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Titan AE

Voiced by Matt Damon, Bill Pullman, John Leguizamo, Nathan Lane, Janeane Garofalo and Drew Barrymore
Screenplay by Ben Edlund and John August and Joss Whedon; story by Hans Bauer and Randall McCormick
Directed by Don Bluth & Gary Goldman
website: www.afterearth.com

IN SHORT: For eight year old boys ... or Thai stick smoking stoners

...which means either way you look at it, this terribly written, cliché ridden animated flick is perfect for slo-mo playback on hour home DVD.

I write that with a great sadness. Long term readers know that I'm a big-time 'toonhead, so, when the trailer for Titan A.E. first started hitting the big screens this space opera looked, to me, to be totally cool. Judging strictly on an artistic level, Titan AE looks like nothing Don Bluth and partner Gary Oldman has ever done . There is some breathtaking computer animation work -- not just ultrarealistic spaceships but some truly beautiful nebula and star-stuff space backgrounds -- combined with cel animation figures that are better defined and more lifelike than previous work, like Anastasia. The opening sequence, in which our beloved planet Earth is destroyed by energy beings called the Drej, includes a truly cool looking kablam and crunch-a-roni of our sole satellite, the Moon. The technical advances shown in the combo of cel and 3D CG is truly a wondrous thing. It ain't the looks that are the problem here.

The year is 3028 A.D. The place is Pierce, Colorado and our hero to be Cale (Alex D. Linz) is "more than four years old." When the end comes, he's popped into an evac rocket while his dad puts a gold ring on his son's finger, takes the boy's toy top and tries to flee in a massive ship called Titan. As the Drej attack turns the Earth into the animated equivalent of the death star -- though our destruction features by boiling oceans and volcanic eruptions spewing lava over the remaining land masses -- Titan rises and barely escapes into hyperspace. Cale watches his father disappear into deep space thinking "I wanna go with Daddy . . ."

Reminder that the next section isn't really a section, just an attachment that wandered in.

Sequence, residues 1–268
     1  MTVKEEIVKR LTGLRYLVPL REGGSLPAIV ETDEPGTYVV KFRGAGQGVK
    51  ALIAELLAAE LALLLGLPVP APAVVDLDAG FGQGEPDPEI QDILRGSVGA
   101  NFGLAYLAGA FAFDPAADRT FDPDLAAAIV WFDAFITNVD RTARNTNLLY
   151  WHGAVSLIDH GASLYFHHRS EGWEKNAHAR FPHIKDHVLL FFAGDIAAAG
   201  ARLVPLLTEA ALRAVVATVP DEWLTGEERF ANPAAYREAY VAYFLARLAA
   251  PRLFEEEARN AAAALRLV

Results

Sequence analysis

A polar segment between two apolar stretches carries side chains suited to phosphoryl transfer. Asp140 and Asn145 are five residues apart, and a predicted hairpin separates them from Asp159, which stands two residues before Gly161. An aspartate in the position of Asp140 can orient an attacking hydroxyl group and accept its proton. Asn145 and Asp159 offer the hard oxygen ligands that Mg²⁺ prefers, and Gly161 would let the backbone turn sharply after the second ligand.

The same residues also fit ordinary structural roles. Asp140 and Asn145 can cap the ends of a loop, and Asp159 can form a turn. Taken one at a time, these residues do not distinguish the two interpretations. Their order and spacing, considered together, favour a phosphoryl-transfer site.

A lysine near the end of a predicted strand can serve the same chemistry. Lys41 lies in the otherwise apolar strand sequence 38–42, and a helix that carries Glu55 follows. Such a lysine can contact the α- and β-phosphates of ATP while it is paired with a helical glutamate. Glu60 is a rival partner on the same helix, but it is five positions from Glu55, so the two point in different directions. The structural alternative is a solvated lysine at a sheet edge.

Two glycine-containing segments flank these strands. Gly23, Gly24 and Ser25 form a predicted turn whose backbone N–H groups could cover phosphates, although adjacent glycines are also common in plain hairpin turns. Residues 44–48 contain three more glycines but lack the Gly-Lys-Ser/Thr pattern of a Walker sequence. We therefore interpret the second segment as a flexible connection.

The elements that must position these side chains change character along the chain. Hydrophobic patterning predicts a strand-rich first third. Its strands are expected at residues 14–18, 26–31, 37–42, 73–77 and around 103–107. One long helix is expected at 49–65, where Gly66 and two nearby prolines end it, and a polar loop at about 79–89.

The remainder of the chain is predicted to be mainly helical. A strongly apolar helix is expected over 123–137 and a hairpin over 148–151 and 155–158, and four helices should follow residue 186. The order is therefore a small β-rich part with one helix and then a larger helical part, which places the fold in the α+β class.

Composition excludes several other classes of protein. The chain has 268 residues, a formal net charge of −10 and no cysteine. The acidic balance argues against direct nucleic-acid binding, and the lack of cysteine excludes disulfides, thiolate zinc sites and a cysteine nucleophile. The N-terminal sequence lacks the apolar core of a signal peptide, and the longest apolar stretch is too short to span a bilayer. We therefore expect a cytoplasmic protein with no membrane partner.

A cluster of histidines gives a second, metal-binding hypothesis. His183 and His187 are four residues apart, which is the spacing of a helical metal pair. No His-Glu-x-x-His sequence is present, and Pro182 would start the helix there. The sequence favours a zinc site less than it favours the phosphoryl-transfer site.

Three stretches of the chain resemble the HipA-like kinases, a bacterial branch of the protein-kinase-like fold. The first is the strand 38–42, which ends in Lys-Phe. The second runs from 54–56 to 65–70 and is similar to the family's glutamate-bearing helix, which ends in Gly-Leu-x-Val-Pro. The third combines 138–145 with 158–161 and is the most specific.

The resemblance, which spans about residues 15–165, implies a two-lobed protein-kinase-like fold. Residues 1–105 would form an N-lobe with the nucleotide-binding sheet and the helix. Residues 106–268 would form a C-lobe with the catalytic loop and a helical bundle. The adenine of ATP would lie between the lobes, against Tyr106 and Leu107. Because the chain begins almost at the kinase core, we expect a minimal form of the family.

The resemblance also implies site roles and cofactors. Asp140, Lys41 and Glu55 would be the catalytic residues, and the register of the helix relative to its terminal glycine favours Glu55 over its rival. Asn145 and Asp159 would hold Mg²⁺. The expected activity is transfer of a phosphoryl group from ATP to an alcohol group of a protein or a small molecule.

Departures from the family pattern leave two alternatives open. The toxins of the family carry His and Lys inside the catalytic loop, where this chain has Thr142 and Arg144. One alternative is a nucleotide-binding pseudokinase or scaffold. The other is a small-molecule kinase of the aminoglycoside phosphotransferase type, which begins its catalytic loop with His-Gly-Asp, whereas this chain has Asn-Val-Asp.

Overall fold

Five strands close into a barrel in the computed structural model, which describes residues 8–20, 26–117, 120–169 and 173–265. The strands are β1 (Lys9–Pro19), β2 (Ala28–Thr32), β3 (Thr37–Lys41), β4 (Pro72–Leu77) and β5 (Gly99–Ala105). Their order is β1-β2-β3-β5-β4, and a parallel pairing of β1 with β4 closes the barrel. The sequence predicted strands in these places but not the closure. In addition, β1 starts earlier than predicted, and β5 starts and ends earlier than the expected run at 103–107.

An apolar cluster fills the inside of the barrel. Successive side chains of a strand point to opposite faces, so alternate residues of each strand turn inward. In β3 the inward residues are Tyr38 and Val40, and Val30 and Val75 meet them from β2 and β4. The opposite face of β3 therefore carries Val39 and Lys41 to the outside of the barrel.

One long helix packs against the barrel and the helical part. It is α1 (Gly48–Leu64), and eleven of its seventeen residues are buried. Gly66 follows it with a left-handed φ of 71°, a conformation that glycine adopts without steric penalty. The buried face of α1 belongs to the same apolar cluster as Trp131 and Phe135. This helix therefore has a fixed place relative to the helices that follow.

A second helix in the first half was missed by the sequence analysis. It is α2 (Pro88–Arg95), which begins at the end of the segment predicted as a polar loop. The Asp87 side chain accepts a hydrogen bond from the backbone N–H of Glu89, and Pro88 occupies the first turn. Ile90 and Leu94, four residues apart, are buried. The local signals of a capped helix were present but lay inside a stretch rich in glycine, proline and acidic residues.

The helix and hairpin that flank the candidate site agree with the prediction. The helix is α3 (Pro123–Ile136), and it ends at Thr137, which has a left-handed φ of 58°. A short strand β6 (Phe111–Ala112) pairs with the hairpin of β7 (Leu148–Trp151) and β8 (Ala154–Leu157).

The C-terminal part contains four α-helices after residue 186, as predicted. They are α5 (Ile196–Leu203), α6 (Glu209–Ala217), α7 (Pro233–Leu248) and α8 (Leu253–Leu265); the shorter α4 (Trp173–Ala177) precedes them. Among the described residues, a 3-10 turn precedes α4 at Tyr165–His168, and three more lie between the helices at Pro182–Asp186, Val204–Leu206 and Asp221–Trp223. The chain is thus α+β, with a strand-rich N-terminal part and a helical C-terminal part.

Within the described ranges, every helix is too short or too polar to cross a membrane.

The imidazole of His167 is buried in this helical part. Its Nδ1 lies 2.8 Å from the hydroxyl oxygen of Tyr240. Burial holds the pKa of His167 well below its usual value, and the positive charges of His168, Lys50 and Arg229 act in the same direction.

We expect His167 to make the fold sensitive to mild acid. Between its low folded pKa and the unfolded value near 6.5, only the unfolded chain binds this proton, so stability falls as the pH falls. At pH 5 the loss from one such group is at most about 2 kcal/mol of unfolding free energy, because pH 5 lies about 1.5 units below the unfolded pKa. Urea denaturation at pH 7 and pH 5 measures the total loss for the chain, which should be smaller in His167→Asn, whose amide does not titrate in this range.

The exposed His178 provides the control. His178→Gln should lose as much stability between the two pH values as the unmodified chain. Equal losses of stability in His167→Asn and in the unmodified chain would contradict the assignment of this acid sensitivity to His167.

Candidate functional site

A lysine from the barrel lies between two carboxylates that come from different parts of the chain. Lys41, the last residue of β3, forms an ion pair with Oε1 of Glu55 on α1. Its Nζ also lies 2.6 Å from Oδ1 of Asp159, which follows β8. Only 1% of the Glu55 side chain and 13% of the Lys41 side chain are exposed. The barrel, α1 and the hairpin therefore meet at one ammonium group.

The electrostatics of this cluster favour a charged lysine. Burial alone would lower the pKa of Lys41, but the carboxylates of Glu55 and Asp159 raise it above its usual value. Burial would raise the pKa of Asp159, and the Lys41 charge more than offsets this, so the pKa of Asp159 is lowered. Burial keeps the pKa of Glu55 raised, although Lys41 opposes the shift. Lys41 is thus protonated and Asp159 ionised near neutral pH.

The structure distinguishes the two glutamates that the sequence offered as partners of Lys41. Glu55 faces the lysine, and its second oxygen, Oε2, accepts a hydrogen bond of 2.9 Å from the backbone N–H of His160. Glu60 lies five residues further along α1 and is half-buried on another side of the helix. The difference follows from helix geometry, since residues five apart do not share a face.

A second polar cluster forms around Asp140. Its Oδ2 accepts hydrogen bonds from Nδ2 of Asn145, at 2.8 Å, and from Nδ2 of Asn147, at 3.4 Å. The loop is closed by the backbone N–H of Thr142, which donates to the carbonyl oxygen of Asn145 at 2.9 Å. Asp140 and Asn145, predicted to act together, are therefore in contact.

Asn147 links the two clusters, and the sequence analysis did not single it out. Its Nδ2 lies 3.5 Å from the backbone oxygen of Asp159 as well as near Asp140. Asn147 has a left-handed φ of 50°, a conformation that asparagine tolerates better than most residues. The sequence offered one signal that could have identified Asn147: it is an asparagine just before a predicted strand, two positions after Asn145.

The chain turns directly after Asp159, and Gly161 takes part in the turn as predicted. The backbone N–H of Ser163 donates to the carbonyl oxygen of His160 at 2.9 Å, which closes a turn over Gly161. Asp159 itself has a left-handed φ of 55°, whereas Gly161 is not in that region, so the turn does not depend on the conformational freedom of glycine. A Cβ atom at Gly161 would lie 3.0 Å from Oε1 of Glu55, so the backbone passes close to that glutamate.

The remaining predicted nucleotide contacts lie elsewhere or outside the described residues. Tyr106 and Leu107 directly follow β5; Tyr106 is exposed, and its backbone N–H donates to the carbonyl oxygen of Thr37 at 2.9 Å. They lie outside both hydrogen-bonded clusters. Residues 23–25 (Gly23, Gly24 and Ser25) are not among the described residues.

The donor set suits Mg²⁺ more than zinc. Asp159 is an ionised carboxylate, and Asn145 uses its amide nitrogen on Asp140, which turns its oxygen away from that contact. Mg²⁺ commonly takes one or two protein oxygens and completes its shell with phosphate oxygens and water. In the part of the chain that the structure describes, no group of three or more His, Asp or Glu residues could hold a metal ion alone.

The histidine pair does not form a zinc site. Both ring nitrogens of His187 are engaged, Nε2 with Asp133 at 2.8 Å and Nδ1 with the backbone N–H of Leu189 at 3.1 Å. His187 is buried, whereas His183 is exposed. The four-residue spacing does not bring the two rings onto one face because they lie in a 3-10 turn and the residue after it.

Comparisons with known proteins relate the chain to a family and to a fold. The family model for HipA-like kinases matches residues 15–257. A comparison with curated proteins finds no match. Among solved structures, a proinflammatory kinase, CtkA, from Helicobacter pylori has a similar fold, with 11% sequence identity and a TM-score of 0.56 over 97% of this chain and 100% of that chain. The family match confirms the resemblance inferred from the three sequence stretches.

Fifteen years later, a very bitter grown-up Cale (Matt Damon), one of the homeless humans derogatorily called "drifters" has a job doing heavy salvage work out at the deep space salvage station Tau 14 (all locations thankfully noted for your historical pleasure by subtitles scrolling across the bottom of the screen). Crossing his path one lunch hour, almost squashing him like a bug, actually, is the starship Valkyrie, piloted by the lovely Akiva (Drew Barrymore). Problem is, it isn't Akiva who asks Cale to run away with them, it's her boss Korso (Bill Pullman) who tells the boy that he's the only hope for the scattered remains of the human race. It's that ring on his finger, y'see . . . it's a map to the hidden location of Titan. And Cale tells 'em to take a hike. . . just before the Drej bust through the station, gunning for the kidlet. One space dogfight and a hair of the toes escape later, this trio meets up with the final members of our us-against-the-Empire crew, Stith the main gunner (Janeane Garofalo) who has more sense than the rest of the aliens on the crew combined, Preed the First Mate (Nathan Lane), who likes to shoot big weapons at small insects, and Gune the Navigator (John Leguizamo). Wherever they go, the Drej (and a soundtrack that sounds like a bad rock album from about 1982) follow.